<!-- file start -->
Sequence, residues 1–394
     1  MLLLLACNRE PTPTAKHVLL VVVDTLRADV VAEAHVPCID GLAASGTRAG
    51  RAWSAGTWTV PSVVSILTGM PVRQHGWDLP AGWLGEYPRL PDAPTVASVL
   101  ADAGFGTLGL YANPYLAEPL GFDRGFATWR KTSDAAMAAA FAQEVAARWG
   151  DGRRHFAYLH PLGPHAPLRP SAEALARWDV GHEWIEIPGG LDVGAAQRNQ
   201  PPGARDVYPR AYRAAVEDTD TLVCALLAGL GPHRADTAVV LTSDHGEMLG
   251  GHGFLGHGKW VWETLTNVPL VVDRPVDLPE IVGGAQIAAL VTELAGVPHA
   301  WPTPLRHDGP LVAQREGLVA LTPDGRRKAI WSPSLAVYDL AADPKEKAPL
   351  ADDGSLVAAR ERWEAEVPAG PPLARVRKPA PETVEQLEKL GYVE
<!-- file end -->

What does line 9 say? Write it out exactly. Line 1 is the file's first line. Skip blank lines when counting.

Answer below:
   351  ADDGSLVAAR ERWEAEVPAG PPLARVRKPA PETVEQLEKL GYVE